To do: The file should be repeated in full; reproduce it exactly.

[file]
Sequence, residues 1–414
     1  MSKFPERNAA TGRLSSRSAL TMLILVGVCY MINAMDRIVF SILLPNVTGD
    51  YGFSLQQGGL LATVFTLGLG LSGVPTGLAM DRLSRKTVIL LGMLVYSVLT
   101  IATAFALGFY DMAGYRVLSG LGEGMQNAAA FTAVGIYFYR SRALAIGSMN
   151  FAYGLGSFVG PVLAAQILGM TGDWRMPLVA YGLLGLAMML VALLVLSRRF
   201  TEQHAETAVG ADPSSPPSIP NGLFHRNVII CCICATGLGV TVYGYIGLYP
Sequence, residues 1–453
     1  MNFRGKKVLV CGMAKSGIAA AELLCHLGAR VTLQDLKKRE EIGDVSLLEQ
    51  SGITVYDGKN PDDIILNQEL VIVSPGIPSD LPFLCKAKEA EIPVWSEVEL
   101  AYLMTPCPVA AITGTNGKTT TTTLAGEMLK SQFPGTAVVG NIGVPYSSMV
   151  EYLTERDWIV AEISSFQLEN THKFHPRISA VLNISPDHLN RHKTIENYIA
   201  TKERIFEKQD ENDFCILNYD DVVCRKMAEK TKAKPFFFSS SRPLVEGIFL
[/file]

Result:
Sequence, residues 1–414
     1  MSKFPERNAA TGRLSSRSAL TMLILVGVCY MINAMDRIVF SILLPNVTGD
    51  YGFSLQQGGL LATVFTLGLG LSGVPTGLAM DRLSRKTVIL LGMLVYSVLT
   101  IATAFALGFY DMAGYRVLSG LGEGMQNAAA FTAVGIYFYR SRALAIGSMN
   151  FAYGLGSFVG PVLAAQILGM TGDWRMPLVA YGLLGLAMML VALLVLSRRF
   201  TEQHAETAVG ADPSSPPSIP NGLFHRNVII CCICATGLGV TVYGYIGLYP
Sequence, residues 1–453
     1  MNFRGKKVLV CGMAKSGIAA AELLCHLGAR VTLQDLKKRE EIGDVSLLEQ
    51  SGITVYDGKN PDDIILNQEL VIVSPGIPSD LPFLCKAKEA EIPVWSEVEL
   101  AYLMTPCPVA AITGTNGKTT TTTLAGEMLK SQFPGTAVVG NIGVPYSSMV
   151  EYLTERDWIV AEISSFQLEN THKFHPRISA VLNISPDHLN RHKTIENYIA
   201  TKERIFEKQD ENDFCILNYD DVVCRKMAEK TKAKPFFFSS SRPLVEGIFL